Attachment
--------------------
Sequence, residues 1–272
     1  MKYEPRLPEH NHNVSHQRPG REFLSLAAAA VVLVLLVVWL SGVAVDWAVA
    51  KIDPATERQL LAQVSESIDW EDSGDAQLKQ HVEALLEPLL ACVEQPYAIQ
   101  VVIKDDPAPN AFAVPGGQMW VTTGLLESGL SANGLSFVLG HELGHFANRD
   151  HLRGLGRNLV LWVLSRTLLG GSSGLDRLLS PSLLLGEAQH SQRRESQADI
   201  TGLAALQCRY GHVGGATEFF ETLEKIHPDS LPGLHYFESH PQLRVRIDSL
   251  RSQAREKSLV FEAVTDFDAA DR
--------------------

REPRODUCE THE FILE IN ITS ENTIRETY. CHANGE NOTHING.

Sequence, residues 1–272
     1  MKYEPRLPEH NHNVSHQRPG REFLSLAAAA VVLVLLVVWL SGVAVDWAVA
    51  KIDPATERQL LAQVSESIDW EDSGDAQLKQ HVEALLEPLL ACVEQPYAIQ
   101  VVIKDDPAPN AFAVPGGQMW VTTGLLESGL SANGLSFVLG HELGHFANRD
   151  HLRGLGRNLV LWVLSRTLLG GSSGLDRLLS PSLLLGEAQH SQRRESQADI
   201  TGLAALQCRY GHVGGATEFF ETLEKIHPDS LPGLHYFESH PQLRVRIDSL
   251  RSQAREKSLV FEAVTDFDAA DR